Nine US Bank Trade Bodies submit comment letter on US AML Reform

With US money-laundering laws, dating back to the 1970s, some appear out of date, which according to Senator Elizabeth Warren, “makes it hard for law enforcement trying to stop money laundering and bad for financial institutions trying to comply with these laws.” US proposed legislation, the Counter Terrorism and Illicit Finance Act (CTIFA), is currently being debated, not least as a result of strong Industry advocacy. Nine leading domestic Industry Groups submitted a proposal in March 2019 to Congress, which critiqued the existing system and advocated for 4 overreaching reforms.

The joint trade letter states that: “The current regime is nearly 50 years old, and has not fundamentally changed since its adoption in 1970. It is still operated as an individual, bilateral reporting system despite advances in technology that could improve its efficiency and effectiveness. A core problem is that today’s regime incentivises financial institutions to achieve compliance with technical requirements that bear little relationship to the actual goal of preventing, detecting, or halting financial crime. Moreover, the regime fails to consider collateral damage that may impact national security or financial inclusion goals. In other words, bank examiners focus on technical compliance, not the provision of valuable information to law enforcement or other measurements of effectiveness. Fundamental change is required to make this system an effective law enforcement and national security tool.

In concluding the letter states that “We believe these reforms would represent great steps towards reducing the burden on customers, while at the same time improving the quality of information given to law enforcement.”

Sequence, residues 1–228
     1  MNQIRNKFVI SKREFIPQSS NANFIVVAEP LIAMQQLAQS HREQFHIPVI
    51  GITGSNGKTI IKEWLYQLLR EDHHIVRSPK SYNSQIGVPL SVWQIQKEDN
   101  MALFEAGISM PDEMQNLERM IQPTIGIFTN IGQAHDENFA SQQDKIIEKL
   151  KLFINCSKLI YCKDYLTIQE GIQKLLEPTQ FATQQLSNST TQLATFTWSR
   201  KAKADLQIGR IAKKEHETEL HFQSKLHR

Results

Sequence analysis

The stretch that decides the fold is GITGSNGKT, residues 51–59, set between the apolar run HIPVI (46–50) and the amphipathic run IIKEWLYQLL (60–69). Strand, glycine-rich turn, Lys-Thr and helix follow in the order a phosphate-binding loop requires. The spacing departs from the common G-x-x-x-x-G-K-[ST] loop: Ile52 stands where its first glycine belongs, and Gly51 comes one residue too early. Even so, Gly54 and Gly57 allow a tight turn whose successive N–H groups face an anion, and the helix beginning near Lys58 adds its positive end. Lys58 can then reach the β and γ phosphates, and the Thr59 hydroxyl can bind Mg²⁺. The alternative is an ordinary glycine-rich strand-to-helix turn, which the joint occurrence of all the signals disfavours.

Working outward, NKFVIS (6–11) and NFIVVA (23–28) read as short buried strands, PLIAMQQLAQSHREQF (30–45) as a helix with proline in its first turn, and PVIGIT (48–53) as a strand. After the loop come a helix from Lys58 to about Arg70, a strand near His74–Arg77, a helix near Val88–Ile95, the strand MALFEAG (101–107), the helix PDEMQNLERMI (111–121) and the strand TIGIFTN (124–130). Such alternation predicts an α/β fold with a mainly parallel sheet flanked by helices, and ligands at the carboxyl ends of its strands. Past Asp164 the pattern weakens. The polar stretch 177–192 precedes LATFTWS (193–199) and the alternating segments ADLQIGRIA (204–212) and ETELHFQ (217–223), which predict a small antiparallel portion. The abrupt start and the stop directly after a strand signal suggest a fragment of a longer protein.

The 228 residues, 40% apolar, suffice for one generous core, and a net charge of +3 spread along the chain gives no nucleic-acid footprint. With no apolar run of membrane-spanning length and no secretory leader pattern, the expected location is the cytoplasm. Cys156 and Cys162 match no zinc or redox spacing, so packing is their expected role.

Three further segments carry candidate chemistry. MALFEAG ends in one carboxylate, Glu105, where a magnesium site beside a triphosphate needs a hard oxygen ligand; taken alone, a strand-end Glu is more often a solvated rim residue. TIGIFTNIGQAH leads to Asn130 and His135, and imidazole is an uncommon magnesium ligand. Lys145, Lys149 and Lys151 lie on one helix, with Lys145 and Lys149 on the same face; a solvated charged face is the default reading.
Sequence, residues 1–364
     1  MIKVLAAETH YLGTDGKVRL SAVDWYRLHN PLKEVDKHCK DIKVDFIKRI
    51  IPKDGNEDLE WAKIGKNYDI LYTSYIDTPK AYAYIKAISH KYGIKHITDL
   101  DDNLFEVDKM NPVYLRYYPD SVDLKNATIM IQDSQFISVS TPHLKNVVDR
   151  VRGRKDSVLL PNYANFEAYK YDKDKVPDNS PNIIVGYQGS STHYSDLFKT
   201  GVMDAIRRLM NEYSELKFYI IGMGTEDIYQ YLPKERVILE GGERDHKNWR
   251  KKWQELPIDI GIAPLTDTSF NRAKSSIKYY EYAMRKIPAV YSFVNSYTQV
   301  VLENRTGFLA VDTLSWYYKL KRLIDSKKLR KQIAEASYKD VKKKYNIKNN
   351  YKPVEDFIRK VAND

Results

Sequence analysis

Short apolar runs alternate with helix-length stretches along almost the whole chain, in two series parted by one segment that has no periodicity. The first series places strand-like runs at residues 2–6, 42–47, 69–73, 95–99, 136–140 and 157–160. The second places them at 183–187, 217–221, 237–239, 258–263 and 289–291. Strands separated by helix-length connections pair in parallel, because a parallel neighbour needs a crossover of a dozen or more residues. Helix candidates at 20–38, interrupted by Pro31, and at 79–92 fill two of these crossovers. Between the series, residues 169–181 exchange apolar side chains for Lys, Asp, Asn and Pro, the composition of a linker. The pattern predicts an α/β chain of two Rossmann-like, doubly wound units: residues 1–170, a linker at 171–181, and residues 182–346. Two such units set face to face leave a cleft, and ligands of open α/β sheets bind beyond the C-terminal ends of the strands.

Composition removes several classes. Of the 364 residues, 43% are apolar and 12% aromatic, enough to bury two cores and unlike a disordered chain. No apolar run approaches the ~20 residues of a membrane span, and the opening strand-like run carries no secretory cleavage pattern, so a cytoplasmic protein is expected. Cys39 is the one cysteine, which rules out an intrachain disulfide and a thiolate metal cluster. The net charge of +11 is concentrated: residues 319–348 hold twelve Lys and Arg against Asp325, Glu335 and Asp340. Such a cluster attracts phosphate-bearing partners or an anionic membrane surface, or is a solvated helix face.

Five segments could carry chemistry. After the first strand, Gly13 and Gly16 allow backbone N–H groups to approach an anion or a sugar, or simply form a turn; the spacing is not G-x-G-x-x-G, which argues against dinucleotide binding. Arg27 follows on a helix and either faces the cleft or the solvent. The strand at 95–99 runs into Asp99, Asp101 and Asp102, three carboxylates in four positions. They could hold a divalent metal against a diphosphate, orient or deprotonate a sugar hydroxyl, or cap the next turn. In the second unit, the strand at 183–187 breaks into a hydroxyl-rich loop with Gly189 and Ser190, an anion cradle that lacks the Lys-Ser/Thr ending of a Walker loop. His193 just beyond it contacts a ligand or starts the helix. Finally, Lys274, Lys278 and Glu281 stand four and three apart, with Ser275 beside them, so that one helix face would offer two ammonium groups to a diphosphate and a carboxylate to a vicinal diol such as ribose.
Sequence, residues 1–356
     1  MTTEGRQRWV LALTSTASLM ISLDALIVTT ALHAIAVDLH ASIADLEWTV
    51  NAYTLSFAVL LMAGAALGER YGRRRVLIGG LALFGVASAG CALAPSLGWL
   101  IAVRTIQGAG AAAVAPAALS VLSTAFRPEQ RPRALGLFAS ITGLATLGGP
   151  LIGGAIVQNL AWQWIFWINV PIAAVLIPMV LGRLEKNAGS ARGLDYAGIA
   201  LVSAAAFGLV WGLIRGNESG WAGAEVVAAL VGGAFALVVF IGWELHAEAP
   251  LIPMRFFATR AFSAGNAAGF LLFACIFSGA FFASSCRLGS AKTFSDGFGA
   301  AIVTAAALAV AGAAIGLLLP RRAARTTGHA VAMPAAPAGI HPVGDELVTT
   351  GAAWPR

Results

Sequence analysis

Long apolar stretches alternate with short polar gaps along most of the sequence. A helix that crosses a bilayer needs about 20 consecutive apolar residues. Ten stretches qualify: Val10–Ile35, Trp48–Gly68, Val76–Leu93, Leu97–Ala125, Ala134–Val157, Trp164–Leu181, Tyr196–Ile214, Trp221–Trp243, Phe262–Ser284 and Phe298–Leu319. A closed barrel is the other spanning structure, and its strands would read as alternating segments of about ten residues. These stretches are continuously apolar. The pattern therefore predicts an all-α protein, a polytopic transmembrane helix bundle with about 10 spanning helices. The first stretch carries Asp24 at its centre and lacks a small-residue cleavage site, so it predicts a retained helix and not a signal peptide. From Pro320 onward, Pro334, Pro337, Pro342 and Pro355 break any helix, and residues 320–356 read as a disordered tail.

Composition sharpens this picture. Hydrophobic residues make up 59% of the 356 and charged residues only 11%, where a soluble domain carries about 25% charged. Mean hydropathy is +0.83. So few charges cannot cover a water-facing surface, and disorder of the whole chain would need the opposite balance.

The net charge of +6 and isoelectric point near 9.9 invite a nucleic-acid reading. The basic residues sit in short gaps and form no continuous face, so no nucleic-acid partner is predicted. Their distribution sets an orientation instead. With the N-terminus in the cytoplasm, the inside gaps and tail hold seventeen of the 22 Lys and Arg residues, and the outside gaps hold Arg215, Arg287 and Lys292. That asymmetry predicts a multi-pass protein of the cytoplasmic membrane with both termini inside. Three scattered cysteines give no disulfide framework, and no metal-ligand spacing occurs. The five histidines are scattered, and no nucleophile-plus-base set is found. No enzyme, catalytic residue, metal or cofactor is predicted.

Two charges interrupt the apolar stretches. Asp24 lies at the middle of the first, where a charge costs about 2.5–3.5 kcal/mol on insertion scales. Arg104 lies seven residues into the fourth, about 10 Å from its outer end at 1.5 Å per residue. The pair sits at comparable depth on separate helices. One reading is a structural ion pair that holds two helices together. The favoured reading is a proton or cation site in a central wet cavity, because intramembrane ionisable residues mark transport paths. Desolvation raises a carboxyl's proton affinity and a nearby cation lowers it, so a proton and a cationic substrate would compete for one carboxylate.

Key Recommendations from the US Bank Trade Bodies
The joint trade letter then goes on to make 4 recommendations; that new legislation should require the Treasury Secretary to be required to:

  • Publish regularly updated national priorities for the AML/CFT regime; and take steps to better align the examination/compliance framework with these priorities (e.g., ensuring examinations focus on identification and management of risk, versus emphasis on technical compliance absent risk indicators);
  • Facilitate information sharing and feedback from law enforcement to financial institutions and further facilitate information sharing between financial institutions;
  • Update and streamline the process of filing Suspicious Activity Reports and Currency Transaction Reports to provide more timely and relevant information to law enforcement; &;
  • Encourage and support the use of technology and artificial intelligence within financial institutions’ AML programs.”

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